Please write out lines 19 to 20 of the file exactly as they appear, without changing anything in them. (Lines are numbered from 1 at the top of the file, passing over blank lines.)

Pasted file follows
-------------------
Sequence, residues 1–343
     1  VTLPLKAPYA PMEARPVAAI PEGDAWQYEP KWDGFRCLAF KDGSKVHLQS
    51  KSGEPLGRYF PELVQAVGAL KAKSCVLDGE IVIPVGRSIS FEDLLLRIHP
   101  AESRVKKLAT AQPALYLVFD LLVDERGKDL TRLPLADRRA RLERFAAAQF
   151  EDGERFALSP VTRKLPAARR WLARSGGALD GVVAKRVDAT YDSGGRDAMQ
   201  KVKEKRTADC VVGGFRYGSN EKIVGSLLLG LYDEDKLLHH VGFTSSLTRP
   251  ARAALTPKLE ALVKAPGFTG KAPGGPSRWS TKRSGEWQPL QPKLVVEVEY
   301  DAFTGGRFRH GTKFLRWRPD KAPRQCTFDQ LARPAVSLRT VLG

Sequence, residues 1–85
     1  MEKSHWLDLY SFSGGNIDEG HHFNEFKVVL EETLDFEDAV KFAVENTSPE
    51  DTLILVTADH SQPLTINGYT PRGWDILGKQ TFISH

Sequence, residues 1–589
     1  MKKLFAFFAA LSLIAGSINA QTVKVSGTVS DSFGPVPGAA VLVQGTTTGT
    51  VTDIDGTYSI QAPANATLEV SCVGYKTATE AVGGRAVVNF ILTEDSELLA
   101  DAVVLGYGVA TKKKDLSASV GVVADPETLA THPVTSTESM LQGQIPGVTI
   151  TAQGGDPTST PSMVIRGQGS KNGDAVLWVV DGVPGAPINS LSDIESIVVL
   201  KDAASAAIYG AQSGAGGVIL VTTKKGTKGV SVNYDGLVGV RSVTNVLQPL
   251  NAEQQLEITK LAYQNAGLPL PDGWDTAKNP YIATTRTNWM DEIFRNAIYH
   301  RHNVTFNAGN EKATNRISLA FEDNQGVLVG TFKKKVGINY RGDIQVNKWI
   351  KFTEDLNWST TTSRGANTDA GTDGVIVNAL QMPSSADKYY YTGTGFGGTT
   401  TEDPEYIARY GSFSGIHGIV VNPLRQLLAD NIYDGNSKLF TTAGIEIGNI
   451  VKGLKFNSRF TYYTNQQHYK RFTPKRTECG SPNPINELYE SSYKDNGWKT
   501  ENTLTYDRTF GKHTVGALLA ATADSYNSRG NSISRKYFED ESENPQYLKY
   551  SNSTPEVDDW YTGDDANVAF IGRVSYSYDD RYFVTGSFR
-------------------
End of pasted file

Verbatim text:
   301  RHNVTFNAGN EKATNRISLA FEDNQGVLVG TFKKKVGINY RGDIQVNKWI
   351  KFTEDLNWST TTSRGANTDA GTDGVIVNAL QMPSSADKYY YTGTGFGGTT